lunedì 9 ottobre 2017

SIMENON SIMENON. WORDS FROM HIS “LETTER TO MY MOTHER”/2

On some positive things the son had to say to his deceased mother 

SIMENON SIMENON. DES MOTS DE SA “LETTRE A MA MERE”/ 2 
Sur quelques choses positives que le fils avait à dire à sa mère défunte 
SIMENON SIMENON. ALCUNE PAROLE DELLA SUA "LETTERA A MIA MADRE"/2
Qualcosa di positivo che il figlio aveva da dire alla madre defunta 

How did Georges actually feel about Henriette? The letter he wrote her after her death sheds light on the question. His “Dear Mom” salutation sounds promisingfor he adds that “Mother” was the way he addressed her all the while she was alive. The extracted and translated positive comments here will inform:
On her attractive appearance: “You were pretty.” When dead“You were beautiful. You were regal, majestic.”
On her niceness to her lodgers”With them, you kept on smiling and I wondered why.” Nevertheless, he credits her on how “For all, you had the same patience, the same good humor for all, above all for the poorest, you put off the time for you to go to bed in order to mend their socks.” 
On her quality of not being a drinker: “You, you never drank, except one glass of light wine, one New Year’s Day at your sister’s house.” 
On her admirable tenacity“You were from another race. Furthermore, you were frightened by a fear that began practically at birth. And, with your somewhat vague, hard-to-define smile, you decided to fight it.” So, “You followed your life’s course with rare, if not the rarest, fidelity to your objectives. You succeeded. […] You got them all!” He expands: “Nothing daunted you. On the contrary, the more difficult the task, the more you grabbed on to it.” 
On her goodness: “You had treasures of tenderness and patience in your heart.” And finally, “I understood that, all your life, you had been good […] not necessarily for others, but good for you, good to the substance of yourself. […] And this is why, Mother, you spent your life sacrificing yourself.”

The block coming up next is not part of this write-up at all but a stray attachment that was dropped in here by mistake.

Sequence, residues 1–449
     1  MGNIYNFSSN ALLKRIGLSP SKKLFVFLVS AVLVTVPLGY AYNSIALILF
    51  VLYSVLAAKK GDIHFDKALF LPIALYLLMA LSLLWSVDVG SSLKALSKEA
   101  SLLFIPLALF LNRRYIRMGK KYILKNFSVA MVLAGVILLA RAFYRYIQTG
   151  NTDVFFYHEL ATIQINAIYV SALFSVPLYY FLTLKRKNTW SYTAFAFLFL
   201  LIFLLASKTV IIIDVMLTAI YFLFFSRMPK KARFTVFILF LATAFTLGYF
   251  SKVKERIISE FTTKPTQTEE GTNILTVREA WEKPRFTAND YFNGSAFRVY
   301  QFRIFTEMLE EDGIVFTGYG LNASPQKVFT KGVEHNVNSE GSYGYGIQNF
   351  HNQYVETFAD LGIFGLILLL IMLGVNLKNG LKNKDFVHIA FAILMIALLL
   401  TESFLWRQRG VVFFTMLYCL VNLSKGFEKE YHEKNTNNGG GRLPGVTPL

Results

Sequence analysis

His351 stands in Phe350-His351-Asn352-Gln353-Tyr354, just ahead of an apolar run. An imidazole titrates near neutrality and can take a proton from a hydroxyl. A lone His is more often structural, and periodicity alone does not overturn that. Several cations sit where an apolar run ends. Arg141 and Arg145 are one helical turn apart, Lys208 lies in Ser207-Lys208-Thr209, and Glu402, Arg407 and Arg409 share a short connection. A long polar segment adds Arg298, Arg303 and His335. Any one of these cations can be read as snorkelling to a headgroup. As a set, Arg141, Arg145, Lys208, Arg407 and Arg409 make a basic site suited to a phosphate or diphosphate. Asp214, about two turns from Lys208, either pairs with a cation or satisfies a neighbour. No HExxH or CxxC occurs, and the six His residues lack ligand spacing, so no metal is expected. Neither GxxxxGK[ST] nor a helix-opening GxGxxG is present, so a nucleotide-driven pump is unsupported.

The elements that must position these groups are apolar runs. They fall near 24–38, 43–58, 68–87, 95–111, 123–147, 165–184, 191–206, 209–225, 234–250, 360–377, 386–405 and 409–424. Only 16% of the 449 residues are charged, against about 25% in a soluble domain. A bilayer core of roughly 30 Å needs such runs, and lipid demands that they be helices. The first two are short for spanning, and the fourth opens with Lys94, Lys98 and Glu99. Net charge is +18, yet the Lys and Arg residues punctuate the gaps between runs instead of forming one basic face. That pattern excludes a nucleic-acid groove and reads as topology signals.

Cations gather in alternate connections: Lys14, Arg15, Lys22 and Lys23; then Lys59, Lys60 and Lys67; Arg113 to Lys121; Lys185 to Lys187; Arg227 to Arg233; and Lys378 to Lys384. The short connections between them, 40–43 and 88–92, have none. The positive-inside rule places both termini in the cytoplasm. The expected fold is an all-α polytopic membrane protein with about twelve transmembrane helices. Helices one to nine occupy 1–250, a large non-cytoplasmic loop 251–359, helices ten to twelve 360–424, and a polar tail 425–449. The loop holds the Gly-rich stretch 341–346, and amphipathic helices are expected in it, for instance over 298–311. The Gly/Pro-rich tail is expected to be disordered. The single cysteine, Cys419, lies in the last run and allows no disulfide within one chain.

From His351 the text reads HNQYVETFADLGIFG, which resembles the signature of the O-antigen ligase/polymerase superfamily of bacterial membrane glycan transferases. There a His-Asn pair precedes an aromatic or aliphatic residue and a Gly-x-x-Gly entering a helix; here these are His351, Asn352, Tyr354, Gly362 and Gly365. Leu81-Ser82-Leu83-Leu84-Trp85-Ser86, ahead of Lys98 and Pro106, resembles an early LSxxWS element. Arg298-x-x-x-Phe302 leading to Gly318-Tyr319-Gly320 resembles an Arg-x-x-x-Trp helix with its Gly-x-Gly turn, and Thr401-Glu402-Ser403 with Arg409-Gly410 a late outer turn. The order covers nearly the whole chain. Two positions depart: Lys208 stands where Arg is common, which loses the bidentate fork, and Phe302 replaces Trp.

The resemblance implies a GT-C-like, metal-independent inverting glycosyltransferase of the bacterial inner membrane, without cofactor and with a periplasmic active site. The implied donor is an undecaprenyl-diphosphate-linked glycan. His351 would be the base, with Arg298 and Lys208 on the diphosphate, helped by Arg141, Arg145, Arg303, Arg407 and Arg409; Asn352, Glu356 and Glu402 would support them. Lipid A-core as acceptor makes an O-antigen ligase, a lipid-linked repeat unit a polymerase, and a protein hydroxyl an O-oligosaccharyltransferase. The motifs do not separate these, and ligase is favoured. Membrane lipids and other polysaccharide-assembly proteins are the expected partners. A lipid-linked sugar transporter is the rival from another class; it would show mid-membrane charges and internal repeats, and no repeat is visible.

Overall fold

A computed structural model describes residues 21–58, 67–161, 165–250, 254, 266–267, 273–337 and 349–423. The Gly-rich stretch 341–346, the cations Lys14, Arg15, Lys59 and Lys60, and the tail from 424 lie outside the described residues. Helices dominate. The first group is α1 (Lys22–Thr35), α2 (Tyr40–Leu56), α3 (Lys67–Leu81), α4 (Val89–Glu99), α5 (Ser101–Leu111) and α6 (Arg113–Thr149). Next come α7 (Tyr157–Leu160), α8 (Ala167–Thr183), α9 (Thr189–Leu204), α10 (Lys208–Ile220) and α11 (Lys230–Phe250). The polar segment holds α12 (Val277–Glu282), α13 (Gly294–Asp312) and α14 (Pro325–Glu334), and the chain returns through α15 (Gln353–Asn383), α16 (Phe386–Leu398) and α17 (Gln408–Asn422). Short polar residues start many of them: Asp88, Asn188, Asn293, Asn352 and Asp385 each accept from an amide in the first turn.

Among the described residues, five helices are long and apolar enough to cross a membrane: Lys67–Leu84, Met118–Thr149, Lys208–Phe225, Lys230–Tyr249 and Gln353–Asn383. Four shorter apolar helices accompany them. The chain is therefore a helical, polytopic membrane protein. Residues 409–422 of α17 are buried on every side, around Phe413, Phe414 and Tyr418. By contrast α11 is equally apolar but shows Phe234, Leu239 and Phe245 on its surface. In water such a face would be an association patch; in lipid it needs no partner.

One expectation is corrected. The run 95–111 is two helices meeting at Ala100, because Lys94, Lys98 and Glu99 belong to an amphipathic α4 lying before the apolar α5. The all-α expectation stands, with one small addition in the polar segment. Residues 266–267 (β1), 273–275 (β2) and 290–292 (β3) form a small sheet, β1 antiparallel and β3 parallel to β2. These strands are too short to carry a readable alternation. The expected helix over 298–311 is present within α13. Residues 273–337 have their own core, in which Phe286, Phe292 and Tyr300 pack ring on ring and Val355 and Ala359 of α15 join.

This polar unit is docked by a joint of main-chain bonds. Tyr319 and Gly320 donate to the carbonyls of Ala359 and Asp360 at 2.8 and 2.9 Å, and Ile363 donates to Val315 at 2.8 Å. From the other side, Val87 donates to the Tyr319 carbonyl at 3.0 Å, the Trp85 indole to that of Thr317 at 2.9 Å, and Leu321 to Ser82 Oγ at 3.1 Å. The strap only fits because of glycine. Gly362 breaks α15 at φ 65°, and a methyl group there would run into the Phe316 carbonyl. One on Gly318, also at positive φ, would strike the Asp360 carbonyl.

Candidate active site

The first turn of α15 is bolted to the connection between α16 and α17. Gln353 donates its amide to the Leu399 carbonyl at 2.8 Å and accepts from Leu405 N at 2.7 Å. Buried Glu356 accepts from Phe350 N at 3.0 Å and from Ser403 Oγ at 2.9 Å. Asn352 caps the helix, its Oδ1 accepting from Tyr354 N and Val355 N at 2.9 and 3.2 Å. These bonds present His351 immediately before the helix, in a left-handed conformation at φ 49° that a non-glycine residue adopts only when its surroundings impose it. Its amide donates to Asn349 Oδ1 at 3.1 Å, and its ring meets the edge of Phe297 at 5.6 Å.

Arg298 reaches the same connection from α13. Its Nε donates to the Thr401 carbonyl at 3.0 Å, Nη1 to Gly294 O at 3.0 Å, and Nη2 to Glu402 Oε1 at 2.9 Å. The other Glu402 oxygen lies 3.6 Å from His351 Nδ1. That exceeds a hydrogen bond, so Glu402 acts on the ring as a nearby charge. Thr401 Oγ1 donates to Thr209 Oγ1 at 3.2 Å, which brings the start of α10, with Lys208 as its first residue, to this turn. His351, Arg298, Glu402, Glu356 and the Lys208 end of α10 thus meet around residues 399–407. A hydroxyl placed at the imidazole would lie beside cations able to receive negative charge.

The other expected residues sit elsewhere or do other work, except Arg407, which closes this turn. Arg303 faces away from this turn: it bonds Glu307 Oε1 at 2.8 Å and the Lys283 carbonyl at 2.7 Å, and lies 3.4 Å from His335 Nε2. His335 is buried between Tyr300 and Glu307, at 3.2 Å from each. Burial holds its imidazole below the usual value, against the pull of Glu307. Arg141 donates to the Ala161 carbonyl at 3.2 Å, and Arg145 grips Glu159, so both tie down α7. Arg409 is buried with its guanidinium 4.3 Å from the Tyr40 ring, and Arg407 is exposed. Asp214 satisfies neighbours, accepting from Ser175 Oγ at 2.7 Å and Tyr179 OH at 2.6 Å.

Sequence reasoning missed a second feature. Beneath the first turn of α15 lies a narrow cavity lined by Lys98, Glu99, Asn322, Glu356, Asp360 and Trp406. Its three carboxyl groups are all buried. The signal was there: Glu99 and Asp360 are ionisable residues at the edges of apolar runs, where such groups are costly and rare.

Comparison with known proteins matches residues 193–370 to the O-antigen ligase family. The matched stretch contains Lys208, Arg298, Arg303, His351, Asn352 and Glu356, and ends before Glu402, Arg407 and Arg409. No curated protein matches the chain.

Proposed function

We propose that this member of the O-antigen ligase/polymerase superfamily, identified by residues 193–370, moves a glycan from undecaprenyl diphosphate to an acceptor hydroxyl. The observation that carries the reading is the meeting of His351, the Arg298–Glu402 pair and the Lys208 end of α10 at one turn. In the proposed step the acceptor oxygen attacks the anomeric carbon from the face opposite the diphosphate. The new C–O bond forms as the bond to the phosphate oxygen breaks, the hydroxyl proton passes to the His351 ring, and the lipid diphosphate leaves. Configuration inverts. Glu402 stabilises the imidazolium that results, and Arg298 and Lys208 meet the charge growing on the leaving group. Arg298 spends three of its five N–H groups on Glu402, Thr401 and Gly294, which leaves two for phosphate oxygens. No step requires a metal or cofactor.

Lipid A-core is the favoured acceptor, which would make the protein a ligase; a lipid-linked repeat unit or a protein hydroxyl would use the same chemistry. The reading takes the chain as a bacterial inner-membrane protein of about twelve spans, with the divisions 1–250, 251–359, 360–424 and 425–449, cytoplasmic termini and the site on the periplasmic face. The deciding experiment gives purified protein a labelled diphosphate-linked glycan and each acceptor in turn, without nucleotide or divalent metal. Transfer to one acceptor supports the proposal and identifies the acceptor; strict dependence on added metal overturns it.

On her later generosity: While visiting in Switzerland, “you handed me an envelope containing all the money I had sent you, month after month, for almost 50 years.” Also, “You had worked all your life to provide for your old age… [Yet] you brought us the fruit of your savings in gold.”  They were “small bags of gold coins with the names of my children on each one.” 
On his good gestures towards her: “I felt a certain responsibility and used to send you a little money every month.” He adds, “I used to write to you, too.” Later in her life, “I didn’t want to let you leave [Switzerland].” But she did. “My desire was to set you up in a rest home.” But she refused. “I got [you] a very beautiful property not far from Liège [but] after a few days, you insisted on being taken back to your little house.” 
On not blaming her: “You see, Mother, I have nothing to reproach you for and I don’t blame you for anything.” Thus: “I don’t hold a grudge against you.” 
On earning his forgiveness: “I know now that there was never meaness on your part, I’d even say no egotism on your part. You were following your destiny […] and nothing, no sensitivity could get in the way.” 
At the end of his letter, son Georges calls her “my dear little mom” and asks himself: 
“How could I have bad feelings for you?” 
Given the mix of negatives and positives, the surviving son seems conflicted. 

David P Simmons 

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